February 16, 2012

Getting Worser all the Time!

Governor Romney's guest editorial on China was not as bad as I feared.

Then again, I expected it to be incredibly bad.

Unless China changes its ways, on day one of my presidency I will designate it a currency manipulator and take appropriate counteraction. A trade war with China is the last thing I want, but I cannot tolerate our current trade surrender.

Day One, huh? I think the Governor is lifting this riff from Speaker Gingrich's effective South Carolina speech: "On my way to the first inauguration ball, I will repeal ObamaCare!" It works better with a crowd, a good idea, and a fiendish glint in the presenter's eye.

I happen to be a fan of the yuan/dollar peg. But a larger issue is our countries' relationship. Not content with a trade war, Governor Romney wants to prepare for a shooting war -- with our banker and best customer.

We must also maintain military forces commensurate to the long-term challenge posed by China's build-up. For more than a decade now we have witnessed double-digit increases in China's officially reported military spending. And even that does not capture the full extent of its spending on defense. Nor do the gross numbers tell us anything about the most troubling aspects of China's strategy, which is designed to exert pressure on China's neighbors and blunt the ability of the United States to project power into the Pacific and keep the peace from which China itself has benefited.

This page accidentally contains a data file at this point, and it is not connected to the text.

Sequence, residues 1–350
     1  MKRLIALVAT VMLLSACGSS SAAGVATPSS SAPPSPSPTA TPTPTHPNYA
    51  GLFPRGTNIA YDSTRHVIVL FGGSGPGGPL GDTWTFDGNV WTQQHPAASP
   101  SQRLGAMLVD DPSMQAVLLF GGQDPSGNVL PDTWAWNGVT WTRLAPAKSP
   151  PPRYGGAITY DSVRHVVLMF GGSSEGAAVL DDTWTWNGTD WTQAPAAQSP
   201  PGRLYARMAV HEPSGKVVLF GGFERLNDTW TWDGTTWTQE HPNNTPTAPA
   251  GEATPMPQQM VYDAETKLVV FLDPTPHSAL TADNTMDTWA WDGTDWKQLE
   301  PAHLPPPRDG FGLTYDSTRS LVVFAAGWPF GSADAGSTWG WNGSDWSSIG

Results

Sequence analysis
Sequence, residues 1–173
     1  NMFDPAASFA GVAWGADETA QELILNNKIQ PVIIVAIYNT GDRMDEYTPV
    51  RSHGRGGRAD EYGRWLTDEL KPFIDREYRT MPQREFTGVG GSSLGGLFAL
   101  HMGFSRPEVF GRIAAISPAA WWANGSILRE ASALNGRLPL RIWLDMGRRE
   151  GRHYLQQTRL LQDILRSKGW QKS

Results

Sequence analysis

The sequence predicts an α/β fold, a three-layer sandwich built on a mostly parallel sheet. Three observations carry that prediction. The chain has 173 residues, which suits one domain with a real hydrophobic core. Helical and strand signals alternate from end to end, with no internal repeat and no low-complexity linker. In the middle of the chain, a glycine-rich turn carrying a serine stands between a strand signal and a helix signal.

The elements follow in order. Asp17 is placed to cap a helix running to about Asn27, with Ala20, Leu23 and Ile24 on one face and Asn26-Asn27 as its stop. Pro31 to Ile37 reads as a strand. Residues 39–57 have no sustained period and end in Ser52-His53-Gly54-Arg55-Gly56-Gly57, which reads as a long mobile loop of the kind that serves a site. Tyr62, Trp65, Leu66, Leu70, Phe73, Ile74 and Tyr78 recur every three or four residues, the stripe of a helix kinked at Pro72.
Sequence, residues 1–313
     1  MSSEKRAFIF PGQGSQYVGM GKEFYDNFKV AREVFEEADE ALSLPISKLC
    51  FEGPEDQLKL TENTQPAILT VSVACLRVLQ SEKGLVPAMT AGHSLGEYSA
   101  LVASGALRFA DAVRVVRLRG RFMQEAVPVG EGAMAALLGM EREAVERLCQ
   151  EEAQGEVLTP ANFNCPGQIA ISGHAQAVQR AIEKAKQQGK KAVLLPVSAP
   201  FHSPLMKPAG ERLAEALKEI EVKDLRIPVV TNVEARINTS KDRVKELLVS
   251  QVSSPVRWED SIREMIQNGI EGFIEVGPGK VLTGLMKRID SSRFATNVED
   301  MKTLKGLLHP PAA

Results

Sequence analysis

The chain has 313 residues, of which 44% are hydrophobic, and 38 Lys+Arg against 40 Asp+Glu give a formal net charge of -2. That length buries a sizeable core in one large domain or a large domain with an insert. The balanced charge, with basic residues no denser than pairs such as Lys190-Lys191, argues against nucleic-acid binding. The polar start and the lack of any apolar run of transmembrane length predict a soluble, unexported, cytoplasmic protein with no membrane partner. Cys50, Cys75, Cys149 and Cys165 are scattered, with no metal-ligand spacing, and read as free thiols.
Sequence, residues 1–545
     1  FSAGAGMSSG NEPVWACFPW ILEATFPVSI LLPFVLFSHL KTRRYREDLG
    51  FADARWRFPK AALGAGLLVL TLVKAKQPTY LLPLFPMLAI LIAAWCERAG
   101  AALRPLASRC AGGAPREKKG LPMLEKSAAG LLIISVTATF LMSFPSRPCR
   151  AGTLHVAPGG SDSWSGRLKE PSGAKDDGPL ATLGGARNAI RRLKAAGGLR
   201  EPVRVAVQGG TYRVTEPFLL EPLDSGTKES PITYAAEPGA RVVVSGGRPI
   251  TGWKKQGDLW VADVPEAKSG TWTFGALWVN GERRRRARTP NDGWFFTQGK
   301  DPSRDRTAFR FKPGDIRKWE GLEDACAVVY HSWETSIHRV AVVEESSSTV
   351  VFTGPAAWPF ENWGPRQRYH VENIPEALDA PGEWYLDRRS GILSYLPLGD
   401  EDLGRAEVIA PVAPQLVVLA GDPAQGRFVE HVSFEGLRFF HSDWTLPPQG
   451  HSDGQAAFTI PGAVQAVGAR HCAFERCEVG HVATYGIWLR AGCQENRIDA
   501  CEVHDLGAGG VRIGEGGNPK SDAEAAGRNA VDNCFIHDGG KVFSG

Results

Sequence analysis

Maybe I've been watching too much Rep. Ron Paul lately, but I see managing the China relationship in the context of trade. Intellectual property theft and human rights are legitimate concerns. And, to be fair, the Governor discusses them eloquently.

But bluster seems unlikely to win the day, and -- more importantly -- it marks Romney's being outside the free-trade camp. Larry Kudlow would join him on human rights and piracy; so would I. But currency manipulation is a canard. And, while military strength should be watched, who is surprised that an advancing economic power with a long history is spending newfound wealth on its military?

We could influence them a lot more with trade.

2012 Posted by John Kranz at February 16, 2012 1:19 PM

So fixed exchange rates are now considered currency manipulation?

Posted by: hb at February 16, 2012 2:05 PM

If used to sell us things too cheap, yeah! Dirty Foreigners.

Posted by: jk at February 16, 2012 2:16 PM | What do you think? [2]